Liabilities:

Liabilities are debts or financial obligations owed to others. Teach your child about different types of liabilities, such as loans or credit card debt.

Net Worth:

Net worth is the difference between a person’s assets and liabilities. Explain to your child how net worth can increase as they grow their assets and decrease with more liabilities.

Philanthropy:

Philanthropy involves donating time, money, or resources to help others and support charitable causes. Encourage your child to develop a giving mindset and understand the importance of giving back by setting up a separate pot of money to be used specifically for charitable giving.

Risk:

Risk refers to the potential of losing money or not achieving desired outcomes when investing. Teach your child about assessing and managing risk wisely.

Savings:

Savings are the money set aside for future needs or emergencies. Teach your child the importance of saving regularly and setting achievable goals.

Taxes:

Taxes are compulsory payments made to the government for public services and infrastructure. Teach your child about the basics of taxes and how they contribute to society.

infographic- financial literacy terms for kids

How to Teach Kids Key Financial Literacy Terms at an Age-Appropriate Level

Teaching kids key financial terms at an age-appropriate level sets the foundation for a lifetime of smart money management.

So let’s discuss some effective strategies to introduce and explain financial concepts to children in a way that is engaging, relatable, and easy to understand.

Early Childhood (Ages 3-5)

  • Start with simple concepts like identifying coins and their values.
  • Introduce basic financial literacy words and terms and money management skills through pretend play, such as a toy store or a lemonade stand.
  • Teach them the concept of saving money in a piggy bank and setting goals for small purchases. Make sure you use the appropriate terms to describe the process.

Elementary School (Ages 6-10)

  • Introduce the idea of earning money through chores and allowances.
  • Use basic financial terms like budget, income, expenses, and savings.
  • Play interactive games or use educational apps that help reinforce financial concepts.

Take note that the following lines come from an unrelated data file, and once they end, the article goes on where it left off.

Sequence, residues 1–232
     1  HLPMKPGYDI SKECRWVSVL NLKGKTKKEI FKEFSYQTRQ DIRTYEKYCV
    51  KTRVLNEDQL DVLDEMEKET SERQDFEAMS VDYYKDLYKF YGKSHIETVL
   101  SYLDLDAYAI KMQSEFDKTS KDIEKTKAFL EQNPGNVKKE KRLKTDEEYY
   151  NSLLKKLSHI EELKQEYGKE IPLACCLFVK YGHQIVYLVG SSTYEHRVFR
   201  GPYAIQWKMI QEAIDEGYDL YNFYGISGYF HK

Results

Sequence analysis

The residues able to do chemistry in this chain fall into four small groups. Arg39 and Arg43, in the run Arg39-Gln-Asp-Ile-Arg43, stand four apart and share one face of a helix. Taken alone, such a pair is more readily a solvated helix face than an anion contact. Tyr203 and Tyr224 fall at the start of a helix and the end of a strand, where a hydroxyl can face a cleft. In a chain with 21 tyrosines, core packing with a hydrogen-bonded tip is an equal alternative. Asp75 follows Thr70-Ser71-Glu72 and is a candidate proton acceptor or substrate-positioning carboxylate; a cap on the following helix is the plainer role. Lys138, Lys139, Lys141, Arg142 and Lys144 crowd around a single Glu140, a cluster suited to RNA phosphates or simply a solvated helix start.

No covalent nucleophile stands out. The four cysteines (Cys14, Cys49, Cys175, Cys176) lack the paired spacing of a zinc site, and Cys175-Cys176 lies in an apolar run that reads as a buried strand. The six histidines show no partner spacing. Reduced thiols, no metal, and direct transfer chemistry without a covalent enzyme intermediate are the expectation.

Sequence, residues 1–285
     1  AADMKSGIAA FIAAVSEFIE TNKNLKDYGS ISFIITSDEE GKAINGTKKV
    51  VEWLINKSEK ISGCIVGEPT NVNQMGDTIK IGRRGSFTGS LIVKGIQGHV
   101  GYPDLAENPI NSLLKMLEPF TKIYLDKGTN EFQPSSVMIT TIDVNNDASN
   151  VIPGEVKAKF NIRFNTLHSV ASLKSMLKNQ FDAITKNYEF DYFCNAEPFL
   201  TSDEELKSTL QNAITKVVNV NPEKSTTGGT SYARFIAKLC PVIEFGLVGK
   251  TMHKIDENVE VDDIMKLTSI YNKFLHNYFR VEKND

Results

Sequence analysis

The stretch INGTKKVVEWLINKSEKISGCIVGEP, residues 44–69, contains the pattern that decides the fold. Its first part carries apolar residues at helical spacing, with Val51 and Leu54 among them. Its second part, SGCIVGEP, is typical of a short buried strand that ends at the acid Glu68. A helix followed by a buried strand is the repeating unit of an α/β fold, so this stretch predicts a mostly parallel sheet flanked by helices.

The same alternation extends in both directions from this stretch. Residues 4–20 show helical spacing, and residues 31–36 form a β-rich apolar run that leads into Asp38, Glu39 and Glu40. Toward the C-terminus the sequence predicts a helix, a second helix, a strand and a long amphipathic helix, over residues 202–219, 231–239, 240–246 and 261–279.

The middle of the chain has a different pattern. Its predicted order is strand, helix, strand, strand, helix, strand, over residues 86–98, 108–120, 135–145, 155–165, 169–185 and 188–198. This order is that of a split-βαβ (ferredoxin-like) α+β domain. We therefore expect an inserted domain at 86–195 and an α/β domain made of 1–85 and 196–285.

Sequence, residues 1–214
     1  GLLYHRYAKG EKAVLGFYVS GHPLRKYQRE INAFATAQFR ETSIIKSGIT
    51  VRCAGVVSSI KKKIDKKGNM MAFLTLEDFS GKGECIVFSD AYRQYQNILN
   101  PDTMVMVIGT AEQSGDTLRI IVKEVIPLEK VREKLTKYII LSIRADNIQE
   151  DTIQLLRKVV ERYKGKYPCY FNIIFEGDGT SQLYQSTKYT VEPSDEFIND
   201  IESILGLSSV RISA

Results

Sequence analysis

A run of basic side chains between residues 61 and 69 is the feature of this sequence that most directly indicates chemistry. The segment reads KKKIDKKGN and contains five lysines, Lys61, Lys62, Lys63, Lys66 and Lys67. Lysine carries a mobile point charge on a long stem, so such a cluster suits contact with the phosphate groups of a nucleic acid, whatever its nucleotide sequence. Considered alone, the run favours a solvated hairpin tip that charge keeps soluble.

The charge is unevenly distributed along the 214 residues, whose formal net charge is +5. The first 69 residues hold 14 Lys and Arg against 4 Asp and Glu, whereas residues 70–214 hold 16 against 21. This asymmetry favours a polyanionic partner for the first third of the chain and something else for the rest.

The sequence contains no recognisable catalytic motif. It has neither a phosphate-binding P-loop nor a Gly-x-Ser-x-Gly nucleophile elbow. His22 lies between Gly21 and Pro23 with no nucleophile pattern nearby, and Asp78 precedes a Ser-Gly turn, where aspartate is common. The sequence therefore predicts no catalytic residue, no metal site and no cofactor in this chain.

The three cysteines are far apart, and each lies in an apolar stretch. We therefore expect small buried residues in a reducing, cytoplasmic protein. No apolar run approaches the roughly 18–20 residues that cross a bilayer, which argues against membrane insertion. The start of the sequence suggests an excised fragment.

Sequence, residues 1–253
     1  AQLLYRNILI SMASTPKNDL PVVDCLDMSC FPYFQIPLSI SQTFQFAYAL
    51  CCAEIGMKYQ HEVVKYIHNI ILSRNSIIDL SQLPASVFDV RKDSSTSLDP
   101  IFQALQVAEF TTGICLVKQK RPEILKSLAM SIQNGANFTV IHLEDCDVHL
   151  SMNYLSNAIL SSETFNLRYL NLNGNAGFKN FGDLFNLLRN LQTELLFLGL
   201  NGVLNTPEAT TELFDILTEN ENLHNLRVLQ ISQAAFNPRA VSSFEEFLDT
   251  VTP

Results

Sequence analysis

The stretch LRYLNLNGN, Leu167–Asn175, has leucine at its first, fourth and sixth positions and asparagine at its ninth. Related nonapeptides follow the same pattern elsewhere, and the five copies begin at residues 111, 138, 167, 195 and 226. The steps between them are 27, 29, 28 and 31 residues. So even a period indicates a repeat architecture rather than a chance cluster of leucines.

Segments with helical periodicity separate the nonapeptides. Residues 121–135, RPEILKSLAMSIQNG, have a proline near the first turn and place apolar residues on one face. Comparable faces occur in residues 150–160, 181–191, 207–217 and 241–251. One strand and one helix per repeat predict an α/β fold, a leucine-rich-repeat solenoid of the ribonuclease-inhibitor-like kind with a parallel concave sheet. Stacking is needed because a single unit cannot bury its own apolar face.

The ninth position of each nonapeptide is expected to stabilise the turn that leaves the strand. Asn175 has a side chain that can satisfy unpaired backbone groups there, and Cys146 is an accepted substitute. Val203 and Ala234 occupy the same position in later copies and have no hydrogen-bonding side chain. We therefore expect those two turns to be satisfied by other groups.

Middle School (Ages 11-14)

  • Explain more complex financial terms like inflation, interest, and debt.
  • Allow children to have their own debit cards so they can start getting experience with using their own cards.
  • Discuss the importance of setting financial goals and making informed spending choices.

High School (Ages 15-18)

  • Expand on financial terms like credit, assets, liabilities, and insurance.
  • Teach them how to create a budget and manage their spending.
  • Discuss the value of long-term financial planning and preparing for college or future career expenses.

Resources for Teaching Financial Literacy

  • Utilize age-appropriate books and online resources that explain financial words and terms in a relatable manner.
  • Seek out local community events or workshops that offer financial literacy programs for kids.
  • Incorporate financial literacy into academic subjects like math and social studies.
  • Check out the vast amount of financial literacy content we share right here on Major League Mommy!

Wrapping Up

By equipping children with financial literacy terminology and knowledge, we empower them to better understand how finances and the economy work.

Introduce these 20 essential financial literacy words and terms at an age-appropriate level, elaborating as they grow older, and make financial discussions a regular part of family conversations.

With a strong financial foundation, our children can confidently navigate the complexities of the modern financial world and build a secure future.